# Resolution of a system of differentgial equations

• August 25th 2012, 09:57 AM
Kohoutek
Resolution of a system of differentgial equations
Let’s consider the function F(K,L) and the following system of partial differential equations:

∂lnF/∂K = (1-α)/K (1)
∂lnF/∂L = α/L (2)
I have a solution for the above system of differential equations but am missing some of the details of its development.

STEP 1
First, the solution says that based on the fact that ∫1/x= ln(x) +c (where c is a constant of integration), we can write:

ln F(K,L) = (1 - α) lnK + g(L) + c (1’)
ln F(K,L) = α lnL + h(K) + c’ (2’)
where g(L) and h(K) are constants of integration that may depend on L and K respectively.
c and c’ are also constants of integration that do not depend on any of the two indicated variables L and K.

STEP 2
Next , (1’) and (2’) are combined to get to the following expression:

ln F(K,L) = (1 - α) lnK + α lnL + C (3)

¿can anyone give me more theoretical background and details to understand STEP 1 and STEP 2? That's to say: how to use integrals to solve the system of differential equations and how to combine (1') and (2') to get to (3)

The context of the equations is the field of economics (F is a production function, K is capital, L is labor and α is the fraction paid to labor. In fact, I am mostly interested in getting support to understand the mathematical side of the posted issue .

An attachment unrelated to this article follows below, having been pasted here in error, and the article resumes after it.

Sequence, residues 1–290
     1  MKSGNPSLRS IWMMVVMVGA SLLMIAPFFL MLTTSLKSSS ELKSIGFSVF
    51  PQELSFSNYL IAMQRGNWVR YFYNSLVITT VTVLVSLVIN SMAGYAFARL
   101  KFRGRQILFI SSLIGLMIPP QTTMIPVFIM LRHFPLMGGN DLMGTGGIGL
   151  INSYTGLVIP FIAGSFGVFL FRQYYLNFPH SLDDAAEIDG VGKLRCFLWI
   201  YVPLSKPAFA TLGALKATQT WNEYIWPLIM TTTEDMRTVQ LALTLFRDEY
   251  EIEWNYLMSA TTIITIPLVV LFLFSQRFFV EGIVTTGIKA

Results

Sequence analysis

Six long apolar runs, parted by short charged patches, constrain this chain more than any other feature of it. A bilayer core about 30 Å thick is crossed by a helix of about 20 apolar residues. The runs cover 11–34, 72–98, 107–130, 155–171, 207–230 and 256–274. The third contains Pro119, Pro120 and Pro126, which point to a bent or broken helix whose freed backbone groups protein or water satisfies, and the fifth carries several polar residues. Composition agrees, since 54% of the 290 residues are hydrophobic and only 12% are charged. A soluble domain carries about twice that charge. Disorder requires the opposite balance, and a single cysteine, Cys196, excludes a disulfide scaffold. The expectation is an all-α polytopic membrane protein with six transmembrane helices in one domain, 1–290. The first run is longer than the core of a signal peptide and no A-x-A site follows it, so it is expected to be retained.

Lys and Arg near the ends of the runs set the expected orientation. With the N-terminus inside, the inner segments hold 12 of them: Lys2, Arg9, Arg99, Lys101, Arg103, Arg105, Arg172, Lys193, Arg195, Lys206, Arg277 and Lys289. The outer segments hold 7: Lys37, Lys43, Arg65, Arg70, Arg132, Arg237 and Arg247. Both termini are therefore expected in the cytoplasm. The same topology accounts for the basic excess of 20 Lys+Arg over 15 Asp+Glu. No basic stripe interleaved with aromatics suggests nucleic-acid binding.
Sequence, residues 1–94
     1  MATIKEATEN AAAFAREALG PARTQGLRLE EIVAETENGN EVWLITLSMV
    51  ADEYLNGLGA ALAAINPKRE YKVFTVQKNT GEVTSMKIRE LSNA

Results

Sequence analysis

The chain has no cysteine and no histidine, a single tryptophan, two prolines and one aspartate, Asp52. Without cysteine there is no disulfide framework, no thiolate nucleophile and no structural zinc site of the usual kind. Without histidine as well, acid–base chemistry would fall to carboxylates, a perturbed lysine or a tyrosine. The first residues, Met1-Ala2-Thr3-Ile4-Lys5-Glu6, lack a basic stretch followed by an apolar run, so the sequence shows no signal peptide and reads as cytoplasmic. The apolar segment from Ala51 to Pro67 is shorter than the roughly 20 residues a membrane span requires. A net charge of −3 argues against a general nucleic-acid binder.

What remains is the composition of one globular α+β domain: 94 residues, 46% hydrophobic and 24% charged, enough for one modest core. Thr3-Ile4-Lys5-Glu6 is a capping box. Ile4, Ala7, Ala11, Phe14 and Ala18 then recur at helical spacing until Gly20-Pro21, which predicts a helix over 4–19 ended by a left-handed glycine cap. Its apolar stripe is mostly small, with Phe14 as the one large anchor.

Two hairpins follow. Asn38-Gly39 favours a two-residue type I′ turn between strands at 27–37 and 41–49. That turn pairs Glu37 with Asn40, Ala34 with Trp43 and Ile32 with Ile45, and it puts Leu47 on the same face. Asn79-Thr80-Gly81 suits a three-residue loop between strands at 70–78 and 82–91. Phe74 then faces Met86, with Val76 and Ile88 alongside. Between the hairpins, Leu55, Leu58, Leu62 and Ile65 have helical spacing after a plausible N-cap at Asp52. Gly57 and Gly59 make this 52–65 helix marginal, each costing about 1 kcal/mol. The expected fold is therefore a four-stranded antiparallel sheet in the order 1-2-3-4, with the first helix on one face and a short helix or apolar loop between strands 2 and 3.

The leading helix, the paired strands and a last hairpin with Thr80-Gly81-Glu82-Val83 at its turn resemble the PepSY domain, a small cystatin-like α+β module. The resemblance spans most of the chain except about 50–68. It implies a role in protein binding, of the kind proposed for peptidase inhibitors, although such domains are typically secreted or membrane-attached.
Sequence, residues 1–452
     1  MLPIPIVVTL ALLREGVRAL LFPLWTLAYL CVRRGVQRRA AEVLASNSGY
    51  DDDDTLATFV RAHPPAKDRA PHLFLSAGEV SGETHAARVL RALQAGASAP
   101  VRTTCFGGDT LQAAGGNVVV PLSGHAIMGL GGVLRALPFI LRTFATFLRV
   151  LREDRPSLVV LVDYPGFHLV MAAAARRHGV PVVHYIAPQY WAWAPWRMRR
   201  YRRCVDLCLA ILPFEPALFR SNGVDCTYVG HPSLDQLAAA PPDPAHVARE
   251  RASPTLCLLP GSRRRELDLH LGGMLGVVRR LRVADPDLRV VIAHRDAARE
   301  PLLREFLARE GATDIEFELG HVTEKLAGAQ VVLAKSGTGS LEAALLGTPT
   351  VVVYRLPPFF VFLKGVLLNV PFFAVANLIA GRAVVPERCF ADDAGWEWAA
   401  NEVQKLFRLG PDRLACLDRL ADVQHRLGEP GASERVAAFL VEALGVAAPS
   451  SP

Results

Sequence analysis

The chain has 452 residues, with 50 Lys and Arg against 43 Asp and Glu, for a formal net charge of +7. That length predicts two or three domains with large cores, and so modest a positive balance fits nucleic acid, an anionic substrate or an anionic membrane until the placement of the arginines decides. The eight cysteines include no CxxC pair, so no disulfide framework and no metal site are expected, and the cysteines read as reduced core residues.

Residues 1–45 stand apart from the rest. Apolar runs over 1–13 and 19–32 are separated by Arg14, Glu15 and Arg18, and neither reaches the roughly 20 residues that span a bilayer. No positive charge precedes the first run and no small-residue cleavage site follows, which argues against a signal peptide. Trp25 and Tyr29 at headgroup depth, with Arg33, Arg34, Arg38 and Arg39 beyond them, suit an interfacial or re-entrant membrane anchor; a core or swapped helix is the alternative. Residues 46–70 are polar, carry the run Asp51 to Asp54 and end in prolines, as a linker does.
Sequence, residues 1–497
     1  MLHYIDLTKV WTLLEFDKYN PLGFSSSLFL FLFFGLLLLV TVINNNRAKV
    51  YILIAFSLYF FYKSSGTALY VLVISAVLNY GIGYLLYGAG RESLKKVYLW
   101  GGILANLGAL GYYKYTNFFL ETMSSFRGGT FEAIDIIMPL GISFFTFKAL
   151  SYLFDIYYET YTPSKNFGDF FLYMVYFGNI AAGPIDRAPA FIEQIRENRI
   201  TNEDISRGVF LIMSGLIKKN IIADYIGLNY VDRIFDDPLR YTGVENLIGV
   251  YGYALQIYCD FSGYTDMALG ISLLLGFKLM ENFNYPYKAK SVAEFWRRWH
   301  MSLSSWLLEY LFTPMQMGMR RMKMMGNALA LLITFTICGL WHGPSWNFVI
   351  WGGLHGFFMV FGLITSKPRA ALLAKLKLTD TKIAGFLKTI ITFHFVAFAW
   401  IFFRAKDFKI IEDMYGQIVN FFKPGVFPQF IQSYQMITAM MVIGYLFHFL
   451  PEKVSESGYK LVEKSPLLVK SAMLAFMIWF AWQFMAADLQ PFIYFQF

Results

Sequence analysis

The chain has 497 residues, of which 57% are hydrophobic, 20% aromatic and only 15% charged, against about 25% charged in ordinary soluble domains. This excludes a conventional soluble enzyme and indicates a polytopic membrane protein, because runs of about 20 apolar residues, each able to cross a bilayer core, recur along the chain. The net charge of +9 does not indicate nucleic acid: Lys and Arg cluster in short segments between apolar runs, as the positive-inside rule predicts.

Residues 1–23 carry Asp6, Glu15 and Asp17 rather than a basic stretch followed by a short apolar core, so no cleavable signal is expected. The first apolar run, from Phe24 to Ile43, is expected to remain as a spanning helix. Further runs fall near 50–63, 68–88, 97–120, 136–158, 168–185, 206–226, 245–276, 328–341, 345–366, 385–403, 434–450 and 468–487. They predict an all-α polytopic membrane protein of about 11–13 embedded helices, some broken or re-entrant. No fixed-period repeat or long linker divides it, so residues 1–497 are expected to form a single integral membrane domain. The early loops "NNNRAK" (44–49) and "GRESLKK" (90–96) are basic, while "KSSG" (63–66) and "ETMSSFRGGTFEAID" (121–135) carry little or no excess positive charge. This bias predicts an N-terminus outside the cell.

Thanks.
• August 25th 2012, 11:12 AM
HallsofIvy
Re: Resolution of a system of differentgial equations
The only "theoretical" background involved in step 1 is integration. The equation you give is equivalent to $\partial(ln F)= \frac{1- a}{K}\partial K$
Those partial derivatives only indicate that there are other variables we have to consider- in this case L. Integrating both sides,
$ln(F)= (1-a)ln|K|+ f(L)$
where f(L) is some unknown function of L. Of course, whatever function L it's derivative with respect to K would be 0.

Now, differentiate both sides of that with respect to L. Since K is independent of L, we have $\partial ln(F)/\partial L= df/dL$. Notice that I have used the ordinary derivative on the right. Because f is a function of L only I can do that. Comparing that to the second equation, $\partial ln F/\partial L= a/L$ and we have the equation df/dL= a/L so that df= a dL/L and integrating with respect to L, f(L)= aln|L|+ C where "C" now really is a constant. Putting that into $ln(F)= (1-a)ln|K|+ f(L)$ from before,
$ln(F)= (1-a)ln|K|+ aln|L|+ C$
which we could also write as $F= e^{(1-a)ln|K|+ a ln|L|+ C}= e^{ln|K^{1-a}|}e^{ln|L|^a}e^C$
$= C'|K^{1-a}L^a|$ where $C'= e^C$.